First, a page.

"Addressing health disparities is a huge priority of our national organization, the Society of Gynecologic Oncology," explains Dr. Butler. "I think it's very clear that there are disparities as it relates to patient access to care. Also, opportunities to train providers in cultural competency, so that patients feel very comfortable coming and having that patient-doctor relationship. And we need to improve health care access for women in rural communities and take education to those communities so that those women feel comfortable reaching out to us when they need care." 

On this Mayo Clinic Q&A podcast, Dr. Butler discusses uterine cancer, disparities related to the disease, and what people can do to reduce their risk of developing this type of cancer.

a young Black child in the hospital with an IV, perhaps sick with cancer

Raising awareness of childhood cancer
September 16, 2022

While childhood cancer is rare, 1 in every 266 children and adolescents will be diagnosed with cancer by age 20, according to the American Cancer Society. Each September, advocacy groups, health care institutions, patients and families recognize Childhood Cancer Awareness Month to help families who receive a cancer diagnosis.

“A lot of people still don't know what to do if a child is diagnosed with cancer or where to go,” explains Dr. Wendy Allen-Rhoades, a Mayo Clinic pediatric hematologist and oncologist. “We want people to know that we know that a cancer diagnosis is scary. We know that it’s life-altering. But we also want you to know that there's hope, that we are doing really good things here at Mayo Clinic and elsewhere. And there is hope for a cure, and there is life after childhood cancer.”

Dr. Allen-Rhoades says funding is needed for more pediatric cancer research to continue to improve treatments. One area of focus for her has been sarcomas. Sarcoma — the term for a group of cancers that begin in the bones and in the soft or connective tissues — is one of the more common types of childhood cancer. 

Fortunately, recent treatment advances have increased survival rates. Of children diagnosed with cancer, 84% now survive five years or more. One of the advances in treatment has been improvement in radiation therapy techniques and the use of proton beam therapy to treat pediatric cancers.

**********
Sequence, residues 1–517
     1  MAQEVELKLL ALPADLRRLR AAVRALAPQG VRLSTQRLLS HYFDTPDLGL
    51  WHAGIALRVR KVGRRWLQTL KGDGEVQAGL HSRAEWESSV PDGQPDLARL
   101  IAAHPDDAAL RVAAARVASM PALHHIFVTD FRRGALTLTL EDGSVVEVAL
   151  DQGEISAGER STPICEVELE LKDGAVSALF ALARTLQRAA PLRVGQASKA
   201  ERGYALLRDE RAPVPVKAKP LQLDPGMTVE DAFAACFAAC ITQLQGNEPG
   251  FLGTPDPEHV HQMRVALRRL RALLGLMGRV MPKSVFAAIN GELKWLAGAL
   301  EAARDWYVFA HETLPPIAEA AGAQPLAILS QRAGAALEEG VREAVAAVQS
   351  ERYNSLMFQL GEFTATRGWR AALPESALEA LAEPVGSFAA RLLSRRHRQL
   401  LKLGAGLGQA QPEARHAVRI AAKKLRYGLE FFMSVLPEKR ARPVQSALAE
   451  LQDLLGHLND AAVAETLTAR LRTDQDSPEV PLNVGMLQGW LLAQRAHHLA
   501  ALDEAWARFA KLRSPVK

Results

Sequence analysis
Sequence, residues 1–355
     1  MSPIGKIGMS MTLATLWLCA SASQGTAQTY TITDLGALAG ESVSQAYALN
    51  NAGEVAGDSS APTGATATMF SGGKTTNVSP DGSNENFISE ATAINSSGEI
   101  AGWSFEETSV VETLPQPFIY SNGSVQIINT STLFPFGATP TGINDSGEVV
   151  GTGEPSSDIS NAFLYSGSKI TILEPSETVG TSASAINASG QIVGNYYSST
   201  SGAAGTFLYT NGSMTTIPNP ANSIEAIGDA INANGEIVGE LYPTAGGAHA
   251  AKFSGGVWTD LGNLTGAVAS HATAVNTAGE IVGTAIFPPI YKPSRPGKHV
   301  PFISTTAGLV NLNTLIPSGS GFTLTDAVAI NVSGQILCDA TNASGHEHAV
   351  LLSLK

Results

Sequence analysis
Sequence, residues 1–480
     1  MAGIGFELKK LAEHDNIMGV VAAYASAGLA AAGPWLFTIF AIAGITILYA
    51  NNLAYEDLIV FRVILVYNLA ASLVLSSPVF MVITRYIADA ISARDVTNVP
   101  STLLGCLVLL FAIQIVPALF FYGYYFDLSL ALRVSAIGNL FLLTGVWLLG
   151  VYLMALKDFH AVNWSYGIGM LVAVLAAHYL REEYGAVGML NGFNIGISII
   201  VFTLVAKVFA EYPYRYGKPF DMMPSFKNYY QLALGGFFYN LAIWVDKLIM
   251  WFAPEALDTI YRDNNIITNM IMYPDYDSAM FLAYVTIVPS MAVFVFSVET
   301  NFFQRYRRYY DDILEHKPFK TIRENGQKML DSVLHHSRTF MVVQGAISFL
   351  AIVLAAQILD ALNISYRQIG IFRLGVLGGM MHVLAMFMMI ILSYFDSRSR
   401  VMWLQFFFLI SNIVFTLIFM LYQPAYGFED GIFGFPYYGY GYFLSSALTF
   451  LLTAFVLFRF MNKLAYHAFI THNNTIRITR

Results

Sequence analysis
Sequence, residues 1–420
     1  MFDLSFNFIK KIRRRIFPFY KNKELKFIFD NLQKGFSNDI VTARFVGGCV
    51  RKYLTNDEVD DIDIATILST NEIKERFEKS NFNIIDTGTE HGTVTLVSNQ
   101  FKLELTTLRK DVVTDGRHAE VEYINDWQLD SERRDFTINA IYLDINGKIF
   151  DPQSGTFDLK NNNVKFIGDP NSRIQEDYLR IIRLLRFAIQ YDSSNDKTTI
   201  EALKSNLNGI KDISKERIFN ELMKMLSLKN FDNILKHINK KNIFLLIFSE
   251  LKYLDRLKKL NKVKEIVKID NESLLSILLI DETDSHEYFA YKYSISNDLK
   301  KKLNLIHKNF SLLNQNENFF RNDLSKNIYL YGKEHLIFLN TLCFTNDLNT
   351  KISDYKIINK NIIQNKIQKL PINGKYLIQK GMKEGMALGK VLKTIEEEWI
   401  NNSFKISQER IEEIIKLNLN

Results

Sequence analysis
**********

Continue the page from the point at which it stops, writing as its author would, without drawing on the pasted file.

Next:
"Radiation therapy works very well for sarcomas," says Dr. Wendy Allen-Rhoades, a Mayo Clinic pediatric hematologist and oncologist. "And the difference between conventional radiation and proton therapy radiation is that our radiation oncologists are able to contour a little bit tighter with proton therapy. Therefore, the surrounding tissue that is normal is spared from some of the side effects. This is really important in children who are growing because we want them to be able to grow normally."

In addition to sparing healthy tissue from the effects of radiation, people who must undergo radiation therapy early in life are less likely to have long-term side effects and complications, such as secondary cancers, with proton beam therapy than with conventional radiation therapy.

While treatments and cure rates for sarcomas have improved, Dr. Allen-Rhoades hopes for even better results in the future.

“Sarcomas have been a tough nut to crack for sure in terms of research and novel innovative therapies,” says Dr. Allen-Rhoades. “We still have a ways to go, but we're doing much, much better than we were 20—30 years ago. But until we can cure everyone, it will never be enough.”

On the Mayo Clinic Q&A podcast, Dr. Allen-Rhoades discusses pediatric sarcomas and the importance of funding for research and support of families dealing with pediatric cancer.

Medical illustration of peripheral artery disease

Early diagnosis of peripheral artery disease reduces risk of amputation, heart attack and stroke
September 13, 2022

Peripheral artery disease, or PAD, affects almost 10 million people in the U.S. Approximately one-third of patients will die within five years of a peripheral artery disease diagnosis, and 20% will experience a heart attack or stroke. 

Peripheral artery disease usually involves pain in the lower limbs caused by reduced blood flow due to narrowing of the arteries. Its symptoms, like reduced ability to walk due to leg pain, often are brushed off as signs of aging. While age is a factor, younger people with diabetes or who smoke also should be checked for the disease.